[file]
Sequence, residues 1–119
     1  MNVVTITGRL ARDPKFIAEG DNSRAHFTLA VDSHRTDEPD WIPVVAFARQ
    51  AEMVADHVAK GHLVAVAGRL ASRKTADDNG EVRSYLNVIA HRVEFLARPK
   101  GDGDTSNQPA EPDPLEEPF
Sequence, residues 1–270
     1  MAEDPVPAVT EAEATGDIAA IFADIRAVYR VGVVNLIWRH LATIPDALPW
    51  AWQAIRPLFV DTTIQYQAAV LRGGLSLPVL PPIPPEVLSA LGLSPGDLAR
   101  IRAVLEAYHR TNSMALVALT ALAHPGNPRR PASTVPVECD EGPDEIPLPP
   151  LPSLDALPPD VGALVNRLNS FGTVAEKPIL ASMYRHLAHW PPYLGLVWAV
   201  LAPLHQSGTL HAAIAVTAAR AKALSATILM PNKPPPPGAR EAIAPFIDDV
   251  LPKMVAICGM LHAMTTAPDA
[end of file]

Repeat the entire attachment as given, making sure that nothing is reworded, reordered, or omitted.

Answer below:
Sequence, residues 1–119
     1  MNVVTITGRL ARDPKFIAEG DNSRAHFTLA VDSHRTDEPD WIPVVAFARQ
    51  AEMVADHVAK GHLVAVAGRL ASRKTADDNG EVRSYLNVIA HRVEFLARPK
   101  GDGDTSNQPA EPDPLEEPF
Sequence, residues 1–270
     1  MAEDPVPAVT EAEATGDIAA IFADIRAVYR VGVVNLIWRH LATIPDALPW
    51  AWQAIRPLFV DTTIQYQAAV LRGGLSLPVL PPIPPEVLSA LGLSPGDLAR
   101  IRAVLEAYHR TNSMALVALT ALAHPGNPRR PASTVPVECD EGPDEIPLPP
   151  LPSLDALPPD VGALVNRLNS FGTVAEKPIL ASMYRHLAHW PPYLGLVWAV
   201  LAPLHQSGTL HAAIAVTAAR AKALSATILM PNKPPPPGAR EAIAPFIDDV
   251  LPKMVAICGM LHAMTTAPDA